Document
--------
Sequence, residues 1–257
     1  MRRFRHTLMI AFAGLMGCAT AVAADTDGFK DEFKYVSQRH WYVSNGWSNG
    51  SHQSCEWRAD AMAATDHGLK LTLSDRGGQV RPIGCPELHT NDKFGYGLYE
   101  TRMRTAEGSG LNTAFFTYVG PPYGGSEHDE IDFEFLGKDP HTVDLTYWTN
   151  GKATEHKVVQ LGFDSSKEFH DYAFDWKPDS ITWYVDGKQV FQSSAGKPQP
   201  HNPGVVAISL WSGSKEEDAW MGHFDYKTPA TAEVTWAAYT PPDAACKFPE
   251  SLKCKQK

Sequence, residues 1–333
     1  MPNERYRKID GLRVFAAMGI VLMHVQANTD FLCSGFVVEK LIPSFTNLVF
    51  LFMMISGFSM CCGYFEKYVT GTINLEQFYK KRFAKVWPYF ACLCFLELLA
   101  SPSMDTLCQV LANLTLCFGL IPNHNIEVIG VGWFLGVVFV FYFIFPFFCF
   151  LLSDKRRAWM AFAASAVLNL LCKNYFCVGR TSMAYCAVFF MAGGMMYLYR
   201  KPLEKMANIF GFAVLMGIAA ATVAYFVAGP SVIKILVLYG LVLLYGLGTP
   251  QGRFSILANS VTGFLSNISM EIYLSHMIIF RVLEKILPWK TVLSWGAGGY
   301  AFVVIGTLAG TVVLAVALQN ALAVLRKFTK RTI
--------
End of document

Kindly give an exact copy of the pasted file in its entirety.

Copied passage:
Sequence, residues 1–257
     1  MRRFRHTLMI AFAGLMGCAT AVAADTDGFK DEFKYVSQRH WYVSNGWSNG
    51  SHQSCEWRAD AMAATDHGLK LTLSDRGGQV RPIGCPELHT NDKFGYGLYE
   101  TRMRTAEGSG LNTAFFTYVG PPYGGSEHDE IDFEFLGKDP HTVDLTYWTN
   151  GKATEHKVVQ LGFDSSKEFH DYAFDWKPDS ITWYVDGKQV FQSSAGKPQP
   201  HNPGVVAISL WSGSKEEDAW MGHFDYKTPA TAEVTWAAYT PPDAACKFPE
   251  SLKCKQK

Sequence, residues 1–333
     1  MPNERYRKID GLRVFAAMGI VLMHVQANTD FLCSGFVVEK LIPSFTNLVF
    51  LFMMISGFSM CCGYFEKYVT GTINLEQFYK KRFAKVWPYF ACLCFLELLA
   101  SPSMDTLCQV LANLTLCFGL IPNHNIEVIG VGWFLGVVFV FYFIFPFFCF
   151  LLSDKRRAWM AFAASAVLNL LCKNYFCVGR TSMAYCAVFF MAGGMMYLYR
   201  KPLEKMANIF GFAVLMGIAA ATVAYFVAGP SVIKILVLYG LVLLYGLGTP
   251  QGRFSILANS VTGFLSNISM EIYLSHMIIF RVLEKILPWK TVLSWGAGGY
   301  AFVVIGTLAG TVVLAVALQN ALAVLRKFTK RTI